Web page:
The psalm continues:

But you, O LORD, are enthroned forever;
you are remembered throughout all generations.
You will arise and have pity on Zion;
it is the time to favor her;
the appointed time has come.
For your servants hold her stones dear
and have pity on her dust.
Nations will fear the name of the LORD,
and all the kings of the earth will fear your glory.
For the LORD builds up Zion;
he appears in his glory;
he regards the prayer of the destitute
and does not despise their prayer.
Let this be recorded for a generation to come,
so that a people yet to be created may praise the LORD:
that he looked down from his holy height;
from heaven the LORD looked at the earth,
to hear the groans of the prisoners,
to set free those who were doomed to die,
that they may declare in Zion the name of the LORD,
and in Jerusalem his praise,
when peoples gather together,
and kingdoms, to worship the LORD.

He has broken my strength in midcourse;
he has shortened my days.
“O my God,” I say, “take me not away
in the midst of my days—
you whose years endure
throughout all generations!”

Of old you laid the foundation of the earth,
and the heavens are the work of your hands.
They will perish, but you will remain;
they will all wear out like a garment.
You will change them like a robe, and they will pass away,
but you are the same, and your years have no end.
The children of your servants shall dwell secure;
their offspring shall be established before you.

Ah, Zion. The terrestrial mountain that is and is not the dwelling place of the Eternal, the city that is unlike other cities because within its walls the Everlasting One deigns to be present and be praised. All of us—Trumpists and anti-Trumpists, members of either party and no party—I hope that all of us can agree today that Washington DC never has been and never will be that! And I hope that I am faithful to not only Christian theology but also at least some varieties of Hebrew theology when I say that Jerusalem in Judea has only ever been that in a partial and symbolic way,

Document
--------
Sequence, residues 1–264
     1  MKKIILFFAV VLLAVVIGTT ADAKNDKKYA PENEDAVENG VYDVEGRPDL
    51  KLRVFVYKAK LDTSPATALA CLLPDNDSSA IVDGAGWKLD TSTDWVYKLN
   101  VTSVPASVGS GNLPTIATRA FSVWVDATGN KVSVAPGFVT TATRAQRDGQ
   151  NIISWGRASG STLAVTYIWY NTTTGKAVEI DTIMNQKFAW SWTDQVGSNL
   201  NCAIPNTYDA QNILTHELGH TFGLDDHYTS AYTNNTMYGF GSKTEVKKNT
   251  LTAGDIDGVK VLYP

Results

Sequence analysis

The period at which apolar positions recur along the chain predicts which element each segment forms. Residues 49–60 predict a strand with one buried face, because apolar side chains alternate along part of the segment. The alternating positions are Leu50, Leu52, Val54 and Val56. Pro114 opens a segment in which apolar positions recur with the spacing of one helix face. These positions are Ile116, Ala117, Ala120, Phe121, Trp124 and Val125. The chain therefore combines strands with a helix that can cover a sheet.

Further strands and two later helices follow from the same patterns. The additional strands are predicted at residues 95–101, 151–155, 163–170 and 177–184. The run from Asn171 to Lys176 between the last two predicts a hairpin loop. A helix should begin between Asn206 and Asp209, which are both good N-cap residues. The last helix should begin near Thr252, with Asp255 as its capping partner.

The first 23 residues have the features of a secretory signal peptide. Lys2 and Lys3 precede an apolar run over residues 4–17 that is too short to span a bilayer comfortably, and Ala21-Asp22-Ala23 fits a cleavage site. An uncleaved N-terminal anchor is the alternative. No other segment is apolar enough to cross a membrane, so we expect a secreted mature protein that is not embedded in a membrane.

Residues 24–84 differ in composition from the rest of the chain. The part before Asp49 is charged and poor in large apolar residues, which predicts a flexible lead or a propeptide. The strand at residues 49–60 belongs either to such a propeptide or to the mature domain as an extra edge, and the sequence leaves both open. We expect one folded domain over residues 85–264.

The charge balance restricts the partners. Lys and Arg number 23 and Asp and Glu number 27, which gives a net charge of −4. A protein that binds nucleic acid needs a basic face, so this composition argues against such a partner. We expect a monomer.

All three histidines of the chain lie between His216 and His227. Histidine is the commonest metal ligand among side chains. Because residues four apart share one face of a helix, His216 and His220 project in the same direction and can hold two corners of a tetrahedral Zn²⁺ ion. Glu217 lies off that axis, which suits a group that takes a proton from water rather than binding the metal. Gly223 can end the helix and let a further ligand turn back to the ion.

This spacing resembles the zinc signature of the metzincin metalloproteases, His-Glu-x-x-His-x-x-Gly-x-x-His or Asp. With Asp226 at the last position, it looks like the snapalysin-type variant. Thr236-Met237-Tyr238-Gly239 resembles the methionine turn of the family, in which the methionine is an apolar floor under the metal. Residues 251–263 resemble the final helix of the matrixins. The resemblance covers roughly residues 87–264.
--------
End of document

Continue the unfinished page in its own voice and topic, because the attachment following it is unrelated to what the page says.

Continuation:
The nations that will fear the name of the Lord will not do so because of the military or economic might of the USA, or of the State of Israel. The Lord who will have pity on Zion, and build it up, and call all nations thereto, does not peep out at the world from within the ramparts of any earthly city but looks down upon it, and hears its cries, from a holy height. Those who call out to that Lord in truth know that the earth—including both Jerusalem in Judea and Washington DC and the entirety of the USA—will, along with and probably sooner than the heavens, wear out like a garment and pass away, and are in this moment, on this day, if we have eyes to see, already perishing.

It is nevertheless on this Inauguration Day right and good to celebrate and be glad, provided that our gladness consists not in taunting and deriding of one or many who have been cast down who have been cast down (I have said elsewhere that there is a time and place for some of that—but not today, for me), and not in indulging any illusion that on this day a divinely appointed king is being enthroned on the Potomac, but in thanksgiving that we have been given another morning and evening to repent, and start over, to love mercy, to do justice, to walk humbly.

Today is Inauguration Day in the USA. We are given another opportunity to love our neighbor as ourselves, which must in the final analysis from a godly, biblical perspective be the sole aim and justification—and a morally and spiritually compelling reason, amounting, arguably, to a commandment—for participating in politics.